When I originally listened to the first single, “100 Grandkids,” I really did not like it. However, after exploring the album in full, it has become one of my favorite tracks. “Break the Law” and “Clubhouse” were also released ahead of the album, but I didn’t give them much of a chance until the full release of GO:OD AM.

Overall, I would say the record has a very chill vibe. It’s an easy listen and is generally very mellow, which is something I really liked about it. However, there were a few songs (“When in Rome,” “Cut the Check,” and “Break the Law”) that I found to be slightly out of place. Those tracks are a bit more aggressive and don’t really fit into the laidback theme that the rest of the album portrays. 

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Blue Hawk Records Holding Open Auditions

Hawk RecordWith the new semester underway, Monmouth University’s student-led record label is back for its seventh consecutive semester! For those who have never heard of Blue Hawk Records, the on-campus record label was founded by Monmouth students back in 2013 with the help of professor and Chair of the Music Department, Joe Rapolla. Since then, the Music Industry students of Blue Hawk Records have released an album every fall and spring semester, and most recently, their first summer album.

At the beginning of each semester, the Blue Hawk team holds auditions to decide who will be featured on that semester’s compilation. While the auditions used to be exclusive to music majors, Blue Hawk Five, released Spring 2015, opened up auditions to the entire school. The album boasted diversity with artists like Brian Perrino, a mathematics major, and Tatiana Walia, a criminal justice major.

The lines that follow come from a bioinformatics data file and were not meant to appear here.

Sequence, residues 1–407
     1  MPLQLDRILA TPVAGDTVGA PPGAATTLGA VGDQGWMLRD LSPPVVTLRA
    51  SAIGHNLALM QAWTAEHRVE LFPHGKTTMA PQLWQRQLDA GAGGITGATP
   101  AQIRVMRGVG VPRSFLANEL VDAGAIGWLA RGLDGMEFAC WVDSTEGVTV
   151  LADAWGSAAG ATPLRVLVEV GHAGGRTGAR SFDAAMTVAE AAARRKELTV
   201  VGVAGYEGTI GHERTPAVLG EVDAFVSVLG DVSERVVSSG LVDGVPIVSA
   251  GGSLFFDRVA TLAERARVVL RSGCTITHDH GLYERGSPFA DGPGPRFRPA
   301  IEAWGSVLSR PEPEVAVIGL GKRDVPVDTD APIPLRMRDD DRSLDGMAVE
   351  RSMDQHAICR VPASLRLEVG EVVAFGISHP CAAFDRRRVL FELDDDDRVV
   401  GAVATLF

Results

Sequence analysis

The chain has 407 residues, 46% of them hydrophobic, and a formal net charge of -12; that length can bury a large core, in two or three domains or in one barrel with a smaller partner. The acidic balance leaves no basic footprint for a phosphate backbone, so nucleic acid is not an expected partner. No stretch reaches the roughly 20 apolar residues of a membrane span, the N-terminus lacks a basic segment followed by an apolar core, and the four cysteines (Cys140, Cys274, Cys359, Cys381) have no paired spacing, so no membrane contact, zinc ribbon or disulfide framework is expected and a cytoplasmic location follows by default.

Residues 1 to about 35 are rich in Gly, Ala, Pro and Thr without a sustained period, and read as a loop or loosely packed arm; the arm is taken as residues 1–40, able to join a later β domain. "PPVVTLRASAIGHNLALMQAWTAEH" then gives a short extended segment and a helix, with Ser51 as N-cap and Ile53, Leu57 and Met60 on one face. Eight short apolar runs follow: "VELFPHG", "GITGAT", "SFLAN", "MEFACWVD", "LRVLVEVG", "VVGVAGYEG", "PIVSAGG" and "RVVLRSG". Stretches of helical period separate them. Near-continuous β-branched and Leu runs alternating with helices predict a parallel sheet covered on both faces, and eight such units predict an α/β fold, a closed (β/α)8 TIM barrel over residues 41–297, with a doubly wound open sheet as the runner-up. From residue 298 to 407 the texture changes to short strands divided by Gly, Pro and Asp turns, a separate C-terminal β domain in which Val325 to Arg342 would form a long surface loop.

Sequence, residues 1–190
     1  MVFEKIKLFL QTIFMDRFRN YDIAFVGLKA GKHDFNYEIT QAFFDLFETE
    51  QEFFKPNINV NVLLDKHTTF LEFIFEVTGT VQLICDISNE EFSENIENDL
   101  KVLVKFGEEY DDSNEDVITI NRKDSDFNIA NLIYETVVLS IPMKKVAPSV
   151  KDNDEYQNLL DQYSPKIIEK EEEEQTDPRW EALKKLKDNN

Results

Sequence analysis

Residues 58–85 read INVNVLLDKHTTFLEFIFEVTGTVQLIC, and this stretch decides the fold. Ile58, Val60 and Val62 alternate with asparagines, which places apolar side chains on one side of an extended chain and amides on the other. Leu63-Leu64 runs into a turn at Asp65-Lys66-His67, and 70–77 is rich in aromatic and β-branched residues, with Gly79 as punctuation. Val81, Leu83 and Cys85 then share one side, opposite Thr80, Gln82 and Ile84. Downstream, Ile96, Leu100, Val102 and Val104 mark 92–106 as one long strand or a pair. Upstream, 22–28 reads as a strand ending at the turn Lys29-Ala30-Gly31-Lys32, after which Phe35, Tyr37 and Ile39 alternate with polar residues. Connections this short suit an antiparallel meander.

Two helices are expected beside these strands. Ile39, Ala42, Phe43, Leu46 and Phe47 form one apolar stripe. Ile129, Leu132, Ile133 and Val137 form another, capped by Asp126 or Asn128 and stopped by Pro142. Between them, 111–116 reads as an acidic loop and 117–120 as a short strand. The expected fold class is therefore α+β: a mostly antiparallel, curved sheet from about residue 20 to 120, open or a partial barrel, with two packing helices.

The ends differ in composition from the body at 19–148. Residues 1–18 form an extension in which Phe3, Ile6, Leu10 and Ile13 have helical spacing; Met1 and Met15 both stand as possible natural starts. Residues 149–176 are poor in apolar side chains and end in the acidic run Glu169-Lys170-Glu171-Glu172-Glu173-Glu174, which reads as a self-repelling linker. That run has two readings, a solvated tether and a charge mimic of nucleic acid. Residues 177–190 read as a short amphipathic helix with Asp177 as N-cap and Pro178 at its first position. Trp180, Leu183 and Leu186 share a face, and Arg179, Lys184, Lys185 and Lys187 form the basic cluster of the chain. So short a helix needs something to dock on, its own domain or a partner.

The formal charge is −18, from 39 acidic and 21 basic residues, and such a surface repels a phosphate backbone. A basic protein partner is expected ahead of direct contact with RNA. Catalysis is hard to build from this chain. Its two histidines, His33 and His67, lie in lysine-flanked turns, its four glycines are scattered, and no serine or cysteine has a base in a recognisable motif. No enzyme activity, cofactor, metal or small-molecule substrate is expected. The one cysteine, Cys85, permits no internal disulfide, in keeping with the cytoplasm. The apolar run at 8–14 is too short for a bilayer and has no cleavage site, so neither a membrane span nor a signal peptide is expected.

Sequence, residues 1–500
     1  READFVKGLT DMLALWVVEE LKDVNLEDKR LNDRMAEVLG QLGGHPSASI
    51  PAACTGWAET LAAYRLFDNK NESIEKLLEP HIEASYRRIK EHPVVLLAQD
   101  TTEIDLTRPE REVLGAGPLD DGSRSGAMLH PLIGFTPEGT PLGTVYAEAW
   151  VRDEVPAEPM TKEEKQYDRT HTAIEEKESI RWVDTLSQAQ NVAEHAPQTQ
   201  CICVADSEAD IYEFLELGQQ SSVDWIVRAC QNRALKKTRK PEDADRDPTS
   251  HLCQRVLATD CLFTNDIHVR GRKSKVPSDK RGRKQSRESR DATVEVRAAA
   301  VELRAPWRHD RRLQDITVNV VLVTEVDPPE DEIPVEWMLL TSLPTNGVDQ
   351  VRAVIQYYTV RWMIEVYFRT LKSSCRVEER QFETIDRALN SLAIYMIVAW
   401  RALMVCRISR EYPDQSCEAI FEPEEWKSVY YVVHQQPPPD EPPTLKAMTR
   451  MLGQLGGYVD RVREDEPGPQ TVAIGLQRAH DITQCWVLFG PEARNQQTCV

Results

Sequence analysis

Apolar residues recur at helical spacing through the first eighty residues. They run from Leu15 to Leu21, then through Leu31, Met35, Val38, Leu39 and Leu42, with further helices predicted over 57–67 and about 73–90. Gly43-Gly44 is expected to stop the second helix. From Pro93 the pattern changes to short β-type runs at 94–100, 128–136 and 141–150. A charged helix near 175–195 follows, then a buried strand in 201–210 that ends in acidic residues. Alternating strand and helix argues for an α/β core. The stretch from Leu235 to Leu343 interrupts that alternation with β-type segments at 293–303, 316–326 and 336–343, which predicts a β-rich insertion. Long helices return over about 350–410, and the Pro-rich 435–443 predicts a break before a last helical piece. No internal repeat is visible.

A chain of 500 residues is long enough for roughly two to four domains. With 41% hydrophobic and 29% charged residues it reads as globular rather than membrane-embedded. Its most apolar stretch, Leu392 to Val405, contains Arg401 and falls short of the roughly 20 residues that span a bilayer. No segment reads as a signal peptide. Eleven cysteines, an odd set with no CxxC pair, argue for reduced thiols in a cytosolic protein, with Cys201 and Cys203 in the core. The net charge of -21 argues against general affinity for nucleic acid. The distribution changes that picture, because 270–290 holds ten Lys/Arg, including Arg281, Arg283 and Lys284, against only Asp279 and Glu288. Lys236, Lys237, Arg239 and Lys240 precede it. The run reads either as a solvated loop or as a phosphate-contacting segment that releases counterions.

This semester, Blue Hawk is following the same format and opening up auditions to all students and alumni of Monmouth University. After the auditions, the chosen artists will participate in discussions about the album and head to Lakehouse Recording Studio, a world-class professional studio located in Asbury Park. 

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“Captive” is an Engaging True Story

CaptiveI have to say that the movie Captive was a job well done. It had everything I look for in movies: emotional and inspirational scenes, decent acting, strong supporting characters and one brave heroine who is actually a real person, because Captive is based on a true story. Just how much truth there is to the story is for the viewer to decide in this dramatic and bittersweet film.